Taking a page from b-to-c

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Marketing technologies and techniques typically emerge in the b-to-c world, making their way to b-to-b marketers six to 12 months later. Some never make the leap because of b-to-b's longer selling cycles and smaller list sizes. There are some things, however, that may seem too b-to-c, but have real promise for the b-to-b market. Michael Kelly, co-founder of Clickmail Marketing, a reseller ofr email marketing software and services, suggested these three tips to get started:
  1. Add a click-to-chat link to your email. Click-to-chat came of age on consumer retail sites, and for good reason. It gives customers instant access as well as answers to their questions, shoring up sales. B-to-b marketers can provide the same service to customers and prospects who may have similarly pressing questions, Kelly said. "You don't even have to staff it yourself. You can outsource it or implement a click-to-call that goes directly to your salespeople."
  2. Use cookies to spur email offerings and sales. Consumer marketers will often send emails out about abandoned shopping carts, offering discounts and upsales based on Web behavior. These emails often prompt customers to complete their orders. B-to-b marketers can do the same and gain similar results. Kelly said marketers should take a two-pronged approach. First, use failed internal search terms to dictate email offers. So for instance, if someone searched for but couldn't find "widget abc" send them an offer and a link directly to the correct page. (And it should go without saying that marketers must improve SEO as well based on that information.) "Send them an email acknowledging that they may have been seeking some information and that you saw there might have been a problem with the site. Ask them, "How can we be of service?' " Second, use simple browsing data to add content to regular emails related to whatever the last thing your customers were browsing for, he said. "It's just simple scripting and code that queries the database and adds something to the end of an email about the last thing that your recipient was doing on your site," he said. "It's about generating a desired behavior and giving subscribers more of what they are actually looking for."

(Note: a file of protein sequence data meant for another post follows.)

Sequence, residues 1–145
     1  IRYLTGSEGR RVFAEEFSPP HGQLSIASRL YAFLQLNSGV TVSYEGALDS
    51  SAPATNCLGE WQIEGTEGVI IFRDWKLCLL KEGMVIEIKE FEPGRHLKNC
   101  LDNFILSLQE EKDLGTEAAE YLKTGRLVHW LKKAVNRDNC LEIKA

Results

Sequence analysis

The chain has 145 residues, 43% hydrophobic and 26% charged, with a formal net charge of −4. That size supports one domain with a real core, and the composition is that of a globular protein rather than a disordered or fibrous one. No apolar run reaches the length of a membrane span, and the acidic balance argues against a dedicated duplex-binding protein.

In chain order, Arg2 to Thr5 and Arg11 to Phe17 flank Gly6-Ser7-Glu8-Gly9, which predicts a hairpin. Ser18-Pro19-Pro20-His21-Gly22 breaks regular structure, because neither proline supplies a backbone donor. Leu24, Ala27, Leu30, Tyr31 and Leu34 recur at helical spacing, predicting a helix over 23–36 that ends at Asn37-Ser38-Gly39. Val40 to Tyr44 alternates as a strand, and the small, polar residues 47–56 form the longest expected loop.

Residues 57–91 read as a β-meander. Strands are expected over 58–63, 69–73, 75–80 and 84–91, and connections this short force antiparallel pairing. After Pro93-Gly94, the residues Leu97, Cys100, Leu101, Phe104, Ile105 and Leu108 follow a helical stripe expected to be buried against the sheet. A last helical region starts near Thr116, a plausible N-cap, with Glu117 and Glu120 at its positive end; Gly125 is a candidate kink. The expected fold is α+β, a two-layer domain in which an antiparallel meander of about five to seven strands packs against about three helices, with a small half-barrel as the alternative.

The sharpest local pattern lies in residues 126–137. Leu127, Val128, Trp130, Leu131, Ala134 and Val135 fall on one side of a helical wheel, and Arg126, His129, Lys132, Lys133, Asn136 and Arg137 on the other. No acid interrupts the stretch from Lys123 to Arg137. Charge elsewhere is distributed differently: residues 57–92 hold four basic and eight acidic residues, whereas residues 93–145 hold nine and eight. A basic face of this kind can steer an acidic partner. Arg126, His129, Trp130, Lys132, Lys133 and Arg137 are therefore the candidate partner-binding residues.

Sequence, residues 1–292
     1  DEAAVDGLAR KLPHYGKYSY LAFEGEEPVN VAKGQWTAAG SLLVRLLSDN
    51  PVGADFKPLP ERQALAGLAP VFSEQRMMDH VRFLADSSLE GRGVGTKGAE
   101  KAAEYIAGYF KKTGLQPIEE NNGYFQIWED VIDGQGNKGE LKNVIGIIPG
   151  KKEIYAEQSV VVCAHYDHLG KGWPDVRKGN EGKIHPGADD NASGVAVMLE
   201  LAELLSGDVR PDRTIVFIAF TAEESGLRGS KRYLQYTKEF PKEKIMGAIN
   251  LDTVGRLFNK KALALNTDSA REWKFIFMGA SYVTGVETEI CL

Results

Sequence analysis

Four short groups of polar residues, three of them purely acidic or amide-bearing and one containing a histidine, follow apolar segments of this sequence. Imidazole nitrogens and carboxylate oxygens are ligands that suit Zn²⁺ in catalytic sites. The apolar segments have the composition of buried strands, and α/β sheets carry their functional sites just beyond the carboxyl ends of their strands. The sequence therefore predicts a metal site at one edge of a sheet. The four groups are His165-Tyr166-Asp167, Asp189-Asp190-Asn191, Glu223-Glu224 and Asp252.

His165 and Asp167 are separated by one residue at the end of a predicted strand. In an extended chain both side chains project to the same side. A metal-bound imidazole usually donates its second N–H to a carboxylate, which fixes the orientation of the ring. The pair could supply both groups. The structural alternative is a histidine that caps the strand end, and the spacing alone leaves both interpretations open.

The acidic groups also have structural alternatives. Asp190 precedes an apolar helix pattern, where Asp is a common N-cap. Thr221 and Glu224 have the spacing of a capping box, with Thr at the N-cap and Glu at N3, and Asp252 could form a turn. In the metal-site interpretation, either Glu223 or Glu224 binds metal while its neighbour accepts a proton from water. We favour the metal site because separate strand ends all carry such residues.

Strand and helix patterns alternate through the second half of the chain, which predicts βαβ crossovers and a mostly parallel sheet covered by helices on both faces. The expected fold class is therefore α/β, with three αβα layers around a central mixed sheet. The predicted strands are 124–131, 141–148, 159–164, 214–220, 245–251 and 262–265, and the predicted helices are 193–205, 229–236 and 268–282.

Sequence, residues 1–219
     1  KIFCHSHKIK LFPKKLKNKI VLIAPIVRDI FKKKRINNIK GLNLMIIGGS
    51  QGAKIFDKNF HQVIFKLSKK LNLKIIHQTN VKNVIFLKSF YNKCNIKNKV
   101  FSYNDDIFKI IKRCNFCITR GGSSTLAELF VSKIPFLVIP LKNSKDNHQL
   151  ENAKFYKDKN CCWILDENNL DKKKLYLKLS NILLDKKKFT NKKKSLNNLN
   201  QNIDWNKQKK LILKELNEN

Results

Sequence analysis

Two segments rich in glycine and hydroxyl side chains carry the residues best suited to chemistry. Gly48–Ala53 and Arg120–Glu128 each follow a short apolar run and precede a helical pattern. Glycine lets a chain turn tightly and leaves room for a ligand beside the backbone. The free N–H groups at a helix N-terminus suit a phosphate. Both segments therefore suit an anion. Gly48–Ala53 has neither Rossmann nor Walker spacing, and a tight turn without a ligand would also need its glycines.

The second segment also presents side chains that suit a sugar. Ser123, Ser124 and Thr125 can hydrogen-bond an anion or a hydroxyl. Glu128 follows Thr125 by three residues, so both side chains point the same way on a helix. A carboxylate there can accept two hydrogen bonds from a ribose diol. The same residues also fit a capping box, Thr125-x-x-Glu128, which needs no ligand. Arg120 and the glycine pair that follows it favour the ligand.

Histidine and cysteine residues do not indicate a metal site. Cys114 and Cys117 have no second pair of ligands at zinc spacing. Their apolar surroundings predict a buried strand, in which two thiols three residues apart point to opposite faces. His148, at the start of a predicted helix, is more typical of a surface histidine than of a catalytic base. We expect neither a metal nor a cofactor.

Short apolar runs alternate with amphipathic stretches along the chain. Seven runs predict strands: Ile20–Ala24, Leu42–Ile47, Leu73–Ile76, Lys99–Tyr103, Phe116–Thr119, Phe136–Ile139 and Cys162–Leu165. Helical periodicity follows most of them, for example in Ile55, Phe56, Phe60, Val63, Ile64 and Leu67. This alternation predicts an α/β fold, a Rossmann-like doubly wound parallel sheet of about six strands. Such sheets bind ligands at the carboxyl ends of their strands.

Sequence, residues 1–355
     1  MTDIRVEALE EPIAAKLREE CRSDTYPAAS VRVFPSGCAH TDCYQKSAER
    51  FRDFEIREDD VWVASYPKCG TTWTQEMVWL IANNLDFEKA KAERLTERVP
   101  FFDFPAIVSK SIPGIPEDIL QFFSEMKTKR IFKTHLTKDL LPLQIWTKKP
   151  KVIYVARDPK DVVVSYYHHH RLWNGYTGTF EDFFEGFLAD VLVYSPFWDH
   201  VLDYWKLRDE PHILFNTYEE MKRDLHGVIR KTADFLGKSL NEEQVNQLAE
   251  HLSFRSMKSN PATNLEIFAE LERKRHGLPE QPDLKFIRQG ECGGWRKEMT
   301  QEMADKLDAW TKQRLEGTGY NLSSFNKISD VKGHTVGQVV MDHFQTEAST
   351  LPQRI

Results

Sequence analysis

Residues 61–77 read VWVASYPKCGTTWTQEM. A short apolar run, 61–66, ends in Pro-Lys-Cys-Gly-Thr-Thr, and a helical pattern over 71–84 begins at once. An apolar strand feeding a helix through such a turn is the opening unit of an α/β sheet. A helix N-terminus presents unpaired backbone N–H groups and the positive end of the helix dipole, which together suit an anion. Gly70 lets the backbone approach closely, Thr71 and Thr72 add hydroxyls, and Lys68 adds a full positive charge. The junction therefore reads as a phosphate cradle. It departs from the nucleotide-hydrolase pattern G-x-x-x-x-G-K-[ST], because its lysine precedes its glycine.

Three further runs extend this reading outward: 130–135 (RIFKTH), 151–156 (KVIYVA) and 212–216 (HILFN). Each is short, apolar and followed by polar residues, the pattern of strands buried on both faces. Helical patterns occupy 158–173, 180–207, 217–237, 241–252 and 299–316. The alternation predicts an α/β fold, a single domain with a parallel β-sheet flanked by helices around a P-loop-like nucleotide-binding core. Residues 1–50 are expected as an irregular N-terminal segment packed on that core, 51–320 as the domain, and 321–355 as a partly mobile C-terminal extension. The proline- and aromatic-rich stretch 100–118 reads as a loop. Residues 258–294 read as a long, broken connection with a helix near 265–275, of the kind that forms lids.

3. Create a customer loyalty newsletter. You've probably received your fair share of loyalty emails from your favorite consumer brands, but do you have one for your own company or products? If not, you are missing out, Kelly said. "Set a volume threshold or time period, and create a newsletter just for those customers who fall into those parameters," he suggested. "You can use that newsletter to provide early information about upgrades and new offerings, but you can also use it to send out special offers just for your best customers." Kelly said to make sure those on that list are suppressed from your regular list so you're not overmailing. In addition, make sure everyone on the list is truly a top customer, he said. "Your oldest customer may not be your best customer."
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